Kayaking can be a very fun and exciting outing for the entire family including the family dog. When deciding whether or not to take your furry friend out on the water with you it is important to consider both your individual dog’s needs and the breed in general to know how well they will do in the kayak. You’ll even want to make sure you’re using the best dog friendly kayaks available. If your dog is not a fan of the water then it may not be the best activity for them. Hyper dogs that can’t sit still or are not great during car rides are also not great candidates for kayaking. But if your dog loves the water or at least is interested in it then it might be worthwhile to start introducing them to the kayaking experience.
How to introduce my dog to kayaking:
It is never a good idea to just toss your dog in a boat and set sail. They can panic and end up causing a lot of stress and potential injury to both of you. It is recommended that you start out testing how your dog does on land in the kayak and if they seem comfortable in the boat for long periods of times and wearing a life vest. If they are okay with this then get in and invite your dog to get in with you. Get them use to jumping in and out of the kayak while on land before getting them use to shallower water as the kayak bobs a little. When you do get to your first kayaking journey, start out on shallower and calm water and also test how they do under stress like having to get in and out of the boat while on water.
Safety equipment needed for your dog:
No one wants to think about the bad things that can happen but you need to be ready for them and being properly prepared for the negative can not only keep you safe, but your dog as well.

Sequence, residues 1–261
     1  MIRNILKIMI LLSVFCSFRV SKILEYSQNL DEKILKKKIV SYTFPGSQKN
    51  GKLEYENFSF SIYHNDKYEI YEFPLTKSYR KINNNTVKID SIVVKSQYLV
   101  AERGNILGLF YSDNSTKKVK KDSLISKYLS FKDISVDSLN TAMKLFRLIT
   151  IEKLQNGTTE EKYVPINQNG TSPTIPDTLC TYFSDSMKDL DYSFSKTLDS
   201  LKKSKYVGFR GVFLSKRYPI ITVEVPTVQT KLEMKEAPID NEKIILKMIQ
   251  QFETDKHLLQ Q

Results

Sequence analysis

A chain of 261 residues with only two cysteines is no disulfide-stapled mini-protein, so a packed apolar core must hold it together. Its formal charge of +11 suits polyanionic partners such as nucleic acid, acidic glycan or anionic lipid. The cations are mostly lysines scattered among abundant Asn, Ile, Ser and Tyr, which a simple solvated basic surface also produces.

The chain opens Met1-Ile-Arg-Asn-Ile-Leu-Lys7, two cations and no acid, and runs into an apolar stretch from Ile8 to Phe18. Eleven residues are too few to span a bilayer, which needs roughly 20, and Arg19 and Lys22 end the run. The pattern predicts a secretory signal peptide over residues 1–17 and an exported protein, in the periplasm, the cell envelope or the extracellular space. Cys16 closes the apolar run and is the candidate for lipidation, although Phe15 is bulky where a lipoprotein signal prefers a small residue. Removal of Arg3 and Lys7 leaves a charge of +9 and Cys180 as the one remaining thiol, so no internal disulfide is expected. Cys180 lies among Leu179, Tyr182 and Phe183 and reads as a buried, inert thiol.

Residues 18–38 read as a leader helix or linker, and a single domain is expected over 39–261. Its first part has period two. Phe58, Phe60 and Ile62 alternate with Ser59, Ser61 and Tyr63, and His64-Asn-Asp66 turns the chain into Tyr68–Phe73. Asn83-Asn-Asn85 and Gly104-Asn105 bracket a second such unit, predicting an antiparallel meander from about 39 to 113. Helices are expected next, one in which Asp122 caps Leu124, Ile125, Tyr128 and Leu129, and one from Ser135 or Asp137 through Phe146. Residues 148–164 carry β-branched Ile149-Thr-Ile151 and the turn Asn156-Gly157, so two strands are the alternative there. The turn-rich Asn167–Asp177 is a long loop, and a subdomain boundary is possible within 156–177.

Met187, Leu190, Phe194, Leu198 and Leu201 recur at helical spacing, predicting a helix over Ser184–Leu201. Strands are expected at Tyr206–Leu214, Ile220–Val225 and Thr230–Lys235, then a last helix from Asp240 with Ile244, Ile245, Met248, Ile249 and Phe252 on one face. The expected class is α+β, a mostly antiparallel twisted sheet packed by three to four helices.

Life Vest: No matter how strong a swimmer your dog is, it needs to wear a live vest at all times when kayaking. The life vest is the most important piece of kayaking safety equipment regardless of your species and should never be on the water without one. You’ll also need a life vest or PFD for yourself as well.
Leash: A leash, or better yet two, are another piece of safety gear that you need to have with you when taking your dog kayaking. A harness to go underneath the life vest that you can attach the leash to is also recommended because it is far easier to get your dog back in the boat this way rather than jumping in after them or risk capsizing. Be weary of longer leashes as they can cause problems when the boat capsizes getting caught on something.
You should never tie your dog to the boat because it limits their ability to swim if something goes wrong. You should also avoid pulling them back in by the collar as this can be harmful to them and they might slip out of it. Keep a secure harness on the dog and have a spare leash on hand so you always have one ready in case of emergencies.
Sunscreen: Yes, dogs get sunburn too and it is important to keep them protected while out in the sun all day. You can look online or talk to your vet to see which brand is right for you.
First aid kit: Neosporin, peroxide and bandages should all be included in the first aid kit for your dog. When in doubt ask your vet what they recommend for your specific pet and they can help you make a list.
Other things to pack for your dog:
Toys and treats: You want to reward your dog for being well behaved in the kayak and an easy way to do this is with treats while on the water and some well deserved play time on land with some toys. Make sure they know they did good and help them have some fun as a reward and an incentive to be good on every kayaking trip.
Lots of water: Your dog may not be the one paddling but they still need water just as much as you do. The sun’s reflection off the water can help dehydrate your dog and to keep you both healthy and having fun pack a lot of water and a bowl or cup for them to drink out of.
A blanket: This isn’t just to dry your dog off after getting wet, but to provide some comfort for your dog as they might get nervous on their first few trips. Bring something from home that smells familiar and help them relax by making it feel more like what they are use to.
A Pad: A water proof sleep pad is also recommended so your dog has somewhere comfortable to lay during the journey if they want to. Any kind of mat or pad that provides a little extra comfort is always a good idea so they will want to stay put in the kayak and won’t have to do a lot of moving around just to get comfortable. If your dog isn’t comfortable in the kayak they are less likely to behave and sit still during your journey.